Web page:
“All our workers, production managers, supervisors and line managers do not measure efficiency by the number of pieces they make rather calculate the standard minute value they are adding.”

What measures are you taking to improve the manufacturing process and the efficiency of labor in your companies?
As the world is changing, technology, machinery, and equipment are also developing. The green requirements have increased compelling more companies to produce environmentally friendly products and continuously update their processes. When we set up this team, it required us to use 100 liters of water to produce 1 kilograms of fabric. Nevertheless, today we only use 46 liters in the Far East. This tremendous drop took place because we were the first in the market to buy the latest and most environmentally friendly equipment and machinery. Technically, this reduces your cost, as using less amount of water also means less wastage.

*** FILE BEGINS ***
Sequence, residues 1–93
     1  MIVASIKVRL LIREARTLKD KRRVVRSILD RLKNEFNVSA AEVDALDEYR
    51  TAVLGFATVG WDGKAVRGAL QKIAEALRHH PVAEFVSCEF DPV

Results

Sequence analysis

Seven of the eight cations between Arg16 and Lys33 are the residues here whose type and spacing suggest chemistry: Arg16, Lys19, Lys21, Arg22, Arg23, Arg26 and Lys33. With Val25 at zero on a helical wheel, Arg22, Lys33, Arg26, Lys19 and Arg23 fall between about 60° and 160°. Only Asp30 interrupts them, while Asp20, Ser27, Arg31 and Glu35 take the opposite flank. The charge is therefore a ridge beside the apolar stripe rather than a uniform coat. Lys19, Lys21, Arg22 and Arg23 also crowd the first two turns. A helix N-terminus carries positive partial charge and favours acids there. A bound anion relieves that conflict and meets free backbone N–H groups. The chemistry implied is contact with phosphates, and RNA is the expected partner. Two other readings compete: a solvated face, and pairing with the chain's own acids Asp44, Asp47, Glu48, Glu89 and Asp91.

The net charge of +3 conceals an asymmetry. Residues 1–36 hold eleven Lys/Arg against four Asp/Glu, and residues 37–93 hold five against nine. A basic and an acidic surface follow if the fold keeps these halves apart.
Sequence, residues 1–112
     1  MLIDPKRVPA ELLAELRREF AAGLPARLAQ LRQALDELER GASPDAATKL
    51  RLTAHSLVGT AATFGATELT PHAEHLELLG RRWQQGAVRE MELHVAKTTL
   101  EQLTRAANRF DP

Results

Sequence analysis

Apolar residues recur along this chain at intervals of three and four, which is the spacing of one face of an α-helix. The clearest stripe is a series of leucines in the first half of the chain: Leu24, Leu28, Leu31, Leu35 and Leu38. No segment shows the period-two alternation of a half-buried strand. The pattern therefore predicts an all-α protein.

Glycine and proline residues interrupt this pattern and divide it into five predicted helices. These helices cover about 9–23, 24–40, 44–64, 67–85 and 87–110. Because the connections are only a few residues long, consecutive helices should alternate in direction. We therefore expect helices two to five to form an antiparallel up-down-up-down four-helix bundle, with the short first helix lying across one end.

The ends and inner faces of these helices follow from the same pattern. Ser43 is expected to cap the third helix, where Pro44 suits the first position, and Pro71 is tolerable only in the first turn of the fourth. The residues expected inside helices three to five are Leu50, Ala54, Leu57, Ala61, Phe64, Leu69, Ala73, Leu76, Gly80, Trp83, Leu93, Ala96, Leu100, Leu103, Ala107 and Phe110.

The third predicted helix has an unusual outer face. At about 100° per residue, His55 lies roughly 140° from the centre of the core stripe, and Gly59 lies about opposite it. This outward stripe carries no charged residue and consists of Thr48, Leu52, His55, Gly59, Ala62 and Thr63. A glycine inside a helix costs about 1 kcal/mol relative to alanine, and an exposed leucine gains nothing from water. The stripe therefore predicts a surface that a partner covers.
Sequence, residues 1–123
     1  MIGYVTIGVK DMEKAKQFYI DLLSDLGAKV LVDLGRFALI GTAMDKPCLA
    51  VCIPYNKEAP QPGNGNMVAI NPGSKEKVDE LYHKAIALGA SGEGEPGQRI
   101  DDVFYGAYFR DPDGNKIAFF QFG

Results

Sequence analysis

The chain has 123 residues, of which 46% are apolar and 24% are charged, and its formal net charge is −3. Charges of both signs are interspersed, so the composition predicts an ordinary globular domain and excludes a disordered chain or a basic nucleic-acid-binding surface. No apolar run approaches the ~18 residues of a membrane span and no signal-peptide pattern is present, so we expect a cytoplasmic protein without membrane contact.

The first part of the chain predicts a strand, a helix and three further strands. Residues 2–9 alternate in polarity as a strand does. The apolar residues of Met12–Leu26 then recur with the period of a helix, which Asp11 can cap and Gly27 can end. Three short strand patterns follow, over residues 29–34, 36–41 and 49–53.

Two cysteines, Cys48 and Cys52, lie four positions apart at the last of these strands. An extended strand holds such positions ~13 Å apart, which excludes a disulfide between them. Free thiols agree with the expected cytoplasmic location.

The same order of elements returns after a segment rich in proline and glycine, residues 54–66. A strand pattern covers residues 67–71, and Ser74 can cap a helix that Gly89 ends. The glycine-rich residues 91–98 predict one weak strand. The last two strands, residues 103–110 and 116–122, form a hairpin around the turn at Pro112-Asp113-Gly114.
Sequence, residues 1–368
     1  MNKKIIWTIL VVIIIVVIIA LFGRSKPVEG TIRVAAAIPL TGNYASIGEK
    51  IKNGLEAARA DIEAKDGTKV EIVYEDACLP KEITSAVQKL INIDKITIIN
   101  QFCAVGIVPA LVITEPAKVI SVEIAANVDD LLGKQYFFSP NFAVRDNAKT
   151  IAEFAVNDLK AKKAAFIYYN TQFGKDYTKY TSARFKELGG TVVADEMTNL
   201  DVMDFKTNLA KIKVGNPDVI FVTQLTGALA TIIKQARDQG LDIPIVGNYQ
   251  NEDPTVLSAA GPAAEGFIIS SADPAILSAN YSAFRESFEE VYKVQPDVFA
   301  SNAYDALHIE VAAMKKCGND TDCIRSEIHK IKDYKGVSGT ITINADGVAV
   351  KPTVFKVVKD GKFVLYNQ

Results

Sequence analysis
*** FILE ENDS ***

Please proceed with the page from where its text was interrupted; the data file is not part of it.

Similarly, on the production side, efficiency comes from understanding the value you are adding. All our workers, production managers, supervisors and line managers do not measure efficiency by the number of pieces they make rather calculate the standard minute value they are adding. They know how much standard time each garment requires to be produced and thus work accordingly. Lean production methods are applied to the production lines. During small orders, we produce those orders in cluster lines which helps us in saving idle minutes on unutilized machines. This is why we promote the idea of cluster lines in the factory for producing small size orders using 5 people cluster circles instead of having the usual 30 people. Regarding efficiency, we make our management team go through courses to find out new ways of fine-tuning assemblies so that they become more efficient. Once the concept is understood, the execution becomes much easier.